Hotelier Spends Over $400,000 On Paintings From Long-Lost Treasure Of King Ludwig III

MUNICH — A German hotelier spent a whopping $400,000 on four paintings /in the famous auction, which had articles of the long-lost treasure of the ‘Last Bavarian King’ Ludwig III in Munich.

The auction took place at the Neumeister Auction House in the German city, which sold some Bavarian Royal Family’s valuable artwork and artifacts on March 15.

A total of 80 objects were auctioned individually, including silver and porcelain pieces and paintings originally in possession of the House of Wittelsbach, the Royal Bavarian dynasty.

The long-lost treasure of King Ludwig III was auctioned in the Neumeister Art Auction House in Munich, Germany. (NEUMEISTER, Christian Mitko/Newsflash)

“My interest in the four Stieler portraits was because I bought the artist’s former house in 2012, restored it, and set up a cafe inside,” said Dr. Andreas Greither, owner of the Westerhof Hotel.

Ludwig III was the last king of Bavaria, reigning from 1913 to 1918 and leading Bavaria into World War I. He lost his throne along with the other rulers of the German states.

Several previously unseen portraits by Joseph Stieler (1781 to 1858), the court painter of the Bavarian kings, were included in the auction’s “exciting journey through time”, as per the auction house manager Katrin Stroll, 58.

Greither, 73, who comes from the Bavarian town of Tegernsee, reportedly bought four portraits for EUR 350,000 ($416,000). He said that his interest in the four Stieler portraits was because he bought the artist’s former house in 2012, restored it, and set up a café inside.

The auction took place at the Neumeister Auction House in the German city. (NEUMEISTER, Christian Mitko/Newsflash)

The portraits were of King Max I Joseph, his wife Karoline, and two of their daughters. The portrait of Karoline nearly doubled in valuation from EUR 60,000 to EUR 115,000 ($71,000 to $136,000).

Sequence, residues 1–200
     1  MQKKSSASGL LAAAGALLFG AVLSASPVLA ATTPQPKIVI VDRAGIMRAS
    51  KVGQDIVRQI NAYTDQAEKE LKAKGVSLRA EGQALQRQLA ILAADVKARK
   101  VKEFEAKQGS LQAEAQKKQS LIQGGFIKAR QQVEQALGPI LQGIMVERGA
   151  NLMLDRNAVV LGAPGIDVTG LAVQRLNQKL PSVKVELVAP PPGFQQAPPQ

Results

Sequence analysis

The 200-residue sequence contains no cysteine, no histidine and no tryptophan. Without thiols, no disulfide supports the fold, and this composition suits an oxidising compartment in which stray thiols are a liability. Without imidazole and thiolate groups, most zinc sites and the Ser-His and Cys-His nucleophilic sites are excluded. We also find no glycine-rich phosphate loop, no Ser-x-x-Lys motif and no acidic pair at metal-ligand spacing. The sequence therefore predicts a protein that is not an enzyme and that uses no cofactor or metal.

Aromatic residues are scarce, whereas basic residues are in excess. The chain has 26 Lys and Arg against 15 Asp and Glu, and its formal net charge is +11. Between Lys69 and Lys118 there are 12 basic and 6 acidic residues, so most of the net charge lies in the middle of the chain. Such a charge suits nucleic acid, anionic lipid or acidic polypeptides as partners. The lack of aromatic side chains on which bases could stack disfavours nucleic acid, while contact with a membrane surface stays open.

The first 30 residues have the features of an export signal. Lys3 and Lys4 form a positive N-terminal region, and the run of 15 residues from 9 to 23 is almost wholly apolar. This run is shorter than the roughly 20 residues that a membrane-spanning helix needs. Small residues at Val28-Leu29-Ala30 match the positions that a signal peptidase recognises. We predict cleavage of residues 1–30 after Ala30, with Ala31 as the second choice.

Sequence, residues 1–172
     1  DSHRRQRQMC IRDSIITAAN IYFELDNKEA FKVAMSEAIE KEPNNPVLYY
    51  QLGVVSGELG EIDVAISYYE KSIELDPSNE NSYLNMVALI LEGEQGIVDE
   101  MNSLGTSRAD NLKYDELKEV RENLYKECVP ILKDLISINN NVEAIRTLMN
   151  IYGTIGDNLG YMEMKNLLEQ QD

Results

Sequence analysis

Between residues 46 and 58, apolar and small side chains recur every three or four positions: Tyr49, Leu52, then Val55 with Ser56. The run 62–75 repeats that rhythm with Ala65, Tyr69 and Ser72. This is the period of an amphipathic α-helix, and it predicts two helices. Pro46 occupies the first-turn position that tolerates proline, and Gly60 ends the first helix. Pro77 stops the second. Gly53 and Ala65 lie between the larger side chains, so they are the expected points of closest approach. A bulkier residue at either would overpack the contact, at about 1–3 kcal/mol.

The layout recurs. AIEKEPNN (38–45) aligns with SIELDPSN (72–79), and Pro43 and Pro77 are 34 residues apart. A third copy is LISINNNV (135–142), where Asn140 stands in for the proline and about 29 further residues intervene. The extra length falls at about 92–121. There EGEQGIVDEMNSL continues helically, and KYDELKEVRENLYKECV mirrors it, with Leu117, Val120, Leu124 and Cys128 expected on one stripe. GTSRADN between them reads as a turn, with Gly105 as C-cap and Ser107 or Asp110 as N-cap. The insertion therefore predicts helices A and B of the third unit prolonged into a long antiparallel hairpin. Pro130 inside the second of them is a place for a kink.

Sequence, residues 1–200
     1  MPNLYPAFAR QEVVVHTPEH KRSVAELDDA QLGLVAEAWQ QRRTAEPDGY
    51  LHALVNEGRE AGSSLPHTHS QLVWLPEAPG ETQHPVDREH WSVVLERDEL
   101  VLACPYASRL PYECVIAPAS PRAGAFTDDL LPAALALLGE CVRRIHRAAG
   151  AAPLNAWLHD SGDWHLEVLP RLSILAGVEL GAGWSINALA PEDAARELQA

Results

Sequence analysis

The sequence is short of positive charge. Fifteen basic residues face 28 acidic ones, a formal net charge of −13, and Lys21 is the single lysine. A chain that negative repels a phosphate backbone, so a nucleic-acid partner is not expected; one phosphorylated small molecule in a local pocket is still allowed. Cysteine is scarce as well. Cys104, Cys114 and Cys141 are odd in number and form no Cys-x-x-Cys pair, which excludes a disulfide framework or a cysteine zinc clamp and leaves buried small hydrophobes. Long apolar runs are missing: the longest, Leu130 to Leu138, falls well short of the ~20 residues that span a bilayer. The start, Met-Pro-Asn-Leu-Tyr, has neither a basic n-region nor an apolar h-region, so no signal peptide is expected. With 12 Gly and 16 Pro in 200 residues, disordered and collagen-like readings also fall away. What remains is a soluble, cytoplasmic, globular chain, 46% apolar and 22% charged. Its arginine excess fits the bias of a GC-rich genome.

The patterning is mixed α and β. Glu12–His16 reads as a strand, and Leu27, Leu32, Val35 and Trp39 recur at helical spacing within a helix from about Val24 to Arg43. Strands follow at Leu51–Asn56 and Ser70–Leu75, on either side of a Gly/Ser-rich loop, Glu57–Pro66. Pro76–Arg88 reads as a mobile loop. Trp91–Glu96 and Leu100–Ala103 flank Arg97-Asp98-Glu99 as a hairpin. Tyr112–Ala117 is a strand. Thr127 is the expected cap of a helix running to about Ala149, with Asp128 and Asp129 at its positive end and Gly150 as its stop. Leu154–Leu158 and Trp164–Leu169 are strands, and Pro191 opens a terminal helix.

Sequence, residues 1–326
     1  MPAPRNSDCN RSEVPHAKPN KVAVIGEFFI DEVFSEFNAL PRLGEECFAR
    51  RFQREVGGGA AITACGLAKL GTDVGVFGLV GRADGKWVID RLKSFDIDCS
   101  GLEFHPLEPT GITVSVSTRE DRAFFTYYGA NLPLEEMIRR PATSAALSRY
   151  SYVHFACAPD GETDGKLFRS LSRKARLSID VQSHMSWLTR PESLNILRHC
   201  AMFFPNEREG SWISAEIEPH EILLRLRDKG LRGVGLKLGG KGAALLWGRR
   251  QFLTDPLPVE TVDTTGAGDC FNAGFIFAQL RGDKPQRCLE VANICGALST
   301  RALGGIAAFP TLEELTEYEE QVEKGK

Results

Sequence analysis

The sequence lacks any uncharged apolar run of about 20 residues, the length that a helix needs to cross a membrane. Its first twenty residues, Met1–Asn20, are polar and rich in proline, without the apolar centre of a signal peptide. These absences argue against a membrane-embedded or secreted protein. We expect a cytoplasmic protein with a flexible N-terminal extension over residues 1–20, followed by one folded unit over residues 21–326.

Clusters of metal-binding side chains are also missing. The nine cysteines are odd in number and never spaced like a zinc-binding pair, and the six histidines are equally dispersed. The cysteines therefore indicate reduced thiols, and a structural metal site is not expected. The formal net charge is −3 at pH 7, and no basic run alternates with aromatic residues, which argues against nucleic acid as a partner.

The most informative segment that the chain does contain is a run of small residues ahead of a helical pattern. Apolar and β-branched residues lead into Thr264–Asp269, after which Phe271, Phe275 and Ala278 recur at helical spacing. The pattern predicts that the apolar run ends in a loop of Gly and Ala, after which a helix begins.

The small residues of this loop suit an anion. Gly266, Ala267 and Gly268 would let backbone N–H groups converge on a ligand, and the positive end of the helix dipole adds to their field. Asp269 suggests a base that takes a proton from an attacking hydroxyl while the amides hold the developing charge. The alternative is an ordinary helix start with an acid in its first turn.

Greither was not the highest bidder every time, and other pieces of the royal family’s lost treasure were sold to other interested parties.

King Ludwig III’s great-grandson and heir Prince Luitpold of Bavaria, 69, explained why the family decided to part ways with their heirlooms. “We are a community of heirs. An auction is the fairest way to deal with this fairly. We kept some private things.”

The objects came from Nadasdy Castle in the western Hungarian city of Sarvar, which was inherited in 1875 by Ludwig III, as per to the auction house. The Last Bavarian King died on October 18, 1921.

A total of 80 objects were auctioned individually, including silver and porcelain pieces. (NEUMEISTER, Christian Mitko/Newsflash)

He and his sons spent a lot of time in Sarvar until shortly before the end of World War II in 1945, when the Bavarian royals ran away from the Red Army and left most of their artwork behind. They were re-discovered in the 1960s.

“After Hungary joined the European Union in 2004, the legal heirs began restitution negotiations with the Hungarian state. Now the Sarvar treasure is free,” Stroll said.

Public auctions are popular all over the world because of their unique characteristic. Surprisingly, China has the leading market in terms of public auction sales value worldwide in 2020, recording roughly 36 percent of the total value in this sector. In that year, the United States and the United Kingdom were the other significant markets, holding 29 percent and 16 percent, respectively.

(Edited by Vaibhav Vishwanath Pawar and Gaurab Dasgupta.)



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